As a Queer Mexican-American, and Curator of this event- it was my intention to create an all-inclusive event where people of any background feel welcome.
I honestly believe last night’s attendance did not reflect how “white” Portland is, there were plenty of people of color- including many Latinos, gays, bisexuals, and lesbians. This event, and particularly the piece in the picture, are not about race- it’s about coming together and celebrating life, art, and education.
Just as a point of reference: I get it. Portland is white.
I have a sense of humor and all that fun stuff, but let’s take a second to look at what city we live in. Also, please excuse my grammar.
I do live in a city full of hella white people. That’s a fact and, well, I’m one of those white people, so I won’t be apologizing for that. I’m Irish, and that is a whole different story of oppression and cultural clashes.
Here’s what I don’t get: does it help the community or hurt the community when we speak of race this way? I’m not made of the same mixtures of pigment as you. But guess what? I love you. Deal with it.
I “do stuff” because I think it is fun. I enjoy making art. More people of color being involved in these projects would be beautiful, as far as I’m concerned. I, and all of us at Time Arts Club, want this to happen. Please!
But we do have a problem with demographics, that dirty word with real implications.
I want to work with more people, but I could give a shit what color their skin is or what sort of background got them to where they are today (bad wording about the background stuff - see me personally so we can discuss that if it is an issue).
I was forced (by my own bad timing) to take a cab to Time Arts this time around, and the cabbie was so friendly and, well, a bit confused about this new country he lives in. (He was also very proud to have gotten here! I love this guy.)
We had a wonderful discussion about how oppression really does make people more poor than they already were, but also about the Great Experiment that we call the U.S., and what role we Americans who are (not exactly well-off, but) able to take our knowledge and help people who have needed to deal with their hunger and the hunger of their own families on a day-to-day basis, rather than learn important scientific or cultural information that could possibly benefit themselves and their communities for decades or centuries to come. There are real people out there who just need to feed their families.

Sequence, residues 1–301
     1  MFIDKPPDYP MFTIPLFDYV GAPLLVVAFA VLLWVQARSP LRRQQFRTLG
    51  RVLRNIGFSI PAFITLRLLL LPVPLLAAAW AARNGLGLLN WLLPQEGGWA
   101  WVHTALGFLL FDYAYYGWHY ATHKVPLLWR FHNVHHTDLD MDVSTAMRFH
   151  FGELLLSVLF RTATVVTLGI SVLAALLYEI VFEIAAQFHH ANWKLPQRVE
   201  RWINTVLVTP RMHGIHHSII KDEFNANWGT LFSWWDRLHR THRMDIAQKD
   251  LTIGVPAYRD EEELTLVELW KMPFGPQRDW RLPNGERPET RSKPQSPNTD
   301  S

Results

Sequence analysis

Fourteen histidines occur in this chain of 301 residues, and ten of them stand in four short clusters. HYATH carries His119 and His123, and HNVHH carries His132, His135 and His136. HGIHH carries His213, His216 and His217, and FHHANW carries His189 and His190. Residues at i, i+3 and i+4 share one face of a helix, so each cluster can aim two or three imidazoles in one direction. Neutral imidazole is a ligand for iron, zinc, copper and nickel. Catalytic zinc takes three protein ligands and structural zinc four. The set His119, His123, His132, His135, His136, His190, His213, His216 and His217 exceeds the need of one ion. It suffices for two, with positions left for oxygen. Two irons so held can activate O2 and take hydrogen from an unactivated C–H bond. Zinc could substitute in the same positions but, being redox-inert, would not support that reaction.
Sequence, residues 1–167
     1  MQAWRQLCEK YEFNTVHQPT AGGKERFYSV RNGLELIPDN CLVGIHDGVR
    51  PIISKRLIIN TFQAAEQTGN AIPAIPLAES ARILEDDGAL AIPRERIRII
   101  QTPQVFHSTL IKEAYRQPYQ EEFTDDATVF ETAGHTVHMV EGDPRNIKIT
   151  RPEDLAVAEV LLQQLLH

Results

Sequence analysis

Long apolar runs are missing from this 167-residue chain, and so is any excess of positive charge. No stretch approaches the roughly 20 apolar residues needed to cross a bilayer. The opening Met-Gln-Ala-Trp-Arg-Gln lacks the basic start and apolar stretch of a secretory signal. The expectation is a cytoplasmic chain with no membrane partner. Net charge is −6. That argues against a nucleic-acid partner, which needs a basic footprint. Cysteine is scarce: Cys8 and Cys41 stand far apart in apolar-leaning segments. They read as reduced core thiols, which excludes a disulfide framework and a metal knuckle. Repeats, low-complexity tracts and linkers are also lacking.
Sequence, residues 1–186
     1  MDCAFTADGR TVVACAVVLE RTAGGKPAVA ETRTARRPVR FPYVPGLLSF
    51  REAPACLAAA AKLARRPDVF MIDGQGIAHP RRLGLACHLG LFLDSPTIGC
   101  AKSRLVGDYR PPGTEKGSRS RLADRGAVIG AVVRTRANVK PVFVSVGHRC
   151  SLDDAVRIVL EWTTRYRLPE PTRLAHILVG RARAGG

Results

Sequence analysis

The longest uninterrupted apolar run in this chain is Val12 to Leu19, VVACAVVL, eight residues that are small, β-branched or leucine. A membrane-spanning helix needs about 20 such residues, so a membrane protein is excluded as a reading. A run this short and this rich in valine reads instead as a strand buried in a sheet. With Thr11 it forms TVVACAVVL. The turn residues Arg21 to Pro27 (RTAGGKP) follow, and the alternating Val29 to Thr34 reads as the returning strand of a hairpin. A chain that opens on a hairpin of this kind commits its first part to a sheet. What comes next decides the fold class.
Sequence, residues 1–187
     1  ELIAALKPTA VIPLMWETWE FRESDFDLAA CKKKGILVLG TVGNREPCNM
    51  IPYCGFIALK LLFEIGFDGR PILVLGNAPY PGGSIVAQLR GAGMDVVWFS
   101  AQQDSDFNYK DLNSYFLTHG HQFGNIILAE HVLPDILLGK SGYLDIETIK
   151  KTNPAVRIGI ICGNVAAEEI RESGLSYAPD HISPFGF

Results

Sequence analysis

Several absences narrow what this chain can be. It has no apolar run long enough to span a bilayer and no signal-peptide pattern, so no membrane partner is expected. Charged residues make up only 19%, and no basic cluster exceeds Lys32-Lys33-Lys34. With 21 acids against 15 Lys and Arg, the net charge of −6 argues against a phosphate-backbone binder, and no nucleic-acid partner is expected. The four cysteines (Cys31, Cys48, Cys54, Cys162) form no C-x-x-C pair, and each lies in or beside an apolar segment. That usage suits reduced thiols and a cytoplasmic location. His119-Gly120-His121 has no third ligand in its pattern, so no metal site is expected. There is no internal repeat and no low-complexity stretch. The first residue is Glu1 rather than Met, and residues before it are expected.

If they didn’t have to spend all of their time battling hunger, this might not be a problem.
Look, I don’t think these comments are wrong. Maybe a bit misguided. There is a larger picture to understand here, and we all must be involved: brown, black, white, pink, whatever.
This colorful picture is who we are. On Planet Earth.
Yeah, I’m a hippy. If you really want to label me for this rant.
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A photo I posted to a PSU art party/event.
The color of the piece referenced was once referred to as “flesh-toned” or “neutral” in regards to the peachy/pink hue of the base. The piece next to it (not pictured) was titled “50 Shades of Brown” by an artist (Mark Martinez
) ”whose work interrogates whiteness in a post-civil rights era…[by] personalizing the political [to] expand upon a conversation that would otherwise be left ignored in a generation that fancies itself ‘Post-Racial’”.